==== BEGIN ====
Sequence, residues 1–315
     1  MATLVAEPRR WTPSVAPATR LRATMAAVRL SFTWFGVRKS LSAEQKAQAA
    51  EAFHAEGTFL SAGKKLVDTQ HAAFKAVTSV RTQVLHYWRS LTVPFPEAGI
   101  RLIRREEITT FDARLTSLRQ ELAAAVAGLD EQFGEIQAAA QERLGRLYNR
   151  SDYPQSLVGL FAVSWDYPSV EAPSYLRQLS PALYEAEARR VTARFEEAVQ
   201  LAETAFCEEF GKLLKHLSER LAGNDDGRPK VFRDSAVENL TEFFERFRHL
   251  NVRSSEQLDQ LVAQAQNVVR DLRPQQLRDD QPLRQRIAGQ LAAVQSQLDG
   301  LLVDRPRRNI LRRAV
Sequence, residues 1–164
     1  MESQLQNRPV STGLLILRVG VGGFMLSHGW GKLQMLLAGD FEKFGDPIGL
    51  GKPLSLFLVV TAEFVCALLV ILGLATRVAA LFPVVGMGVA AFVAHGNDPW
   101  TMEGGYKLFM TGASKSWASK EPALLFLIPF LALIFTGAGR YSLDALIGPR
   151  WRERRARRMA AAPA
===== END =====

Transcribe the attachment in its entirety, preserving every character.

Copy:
Sequence, residues 1–315
     1  MATLVAEPRR WTPSVAPATR LRATMAAVRL SFTWFGVRKS LSAEQKAQAA
    51  EAFHAEGTFL SAGKKLVDTQ HAAFKAVTSV RTQVLHYWRS LTVPFPEAGI
   101  RLIRREEITT FDARLTSLRQ ELAAAVAGLD EQFGEIQAAA QERLGRLYNR
   151  SDYPQSLVGL FAVSWDYPSV EAPSYLRQLS PALYEAEARR VTARFEEAVQ
   201  LAETAFCEEF GKLLKHLSER LAGNDDGRPK VFRDSAVENL TEFFERFRHL
   251  NVRSSEQLDQ LVAQAQNVVR DLRPQQLRDD QPLRQRIAGQ LAAVQSQLDG
   301  LLVDRPRRNI LRRAV
Sequence, residues 1–164
     1  MESQLQNRPV STGLLILRVG VGGFMLSHGW GKLQMLLAGD FEKFGDPIGL
    51  GKPLSLFLVV TAEFVCALLV ILGLATRVAA LFPVVGMGVA AFVAHGNDPW
   101  TMEGGYKLFM TGASKSWASK EPALLFLIPF LALIFTGAGR YSLDALIGPR
   151  WRERRARRMA AAPA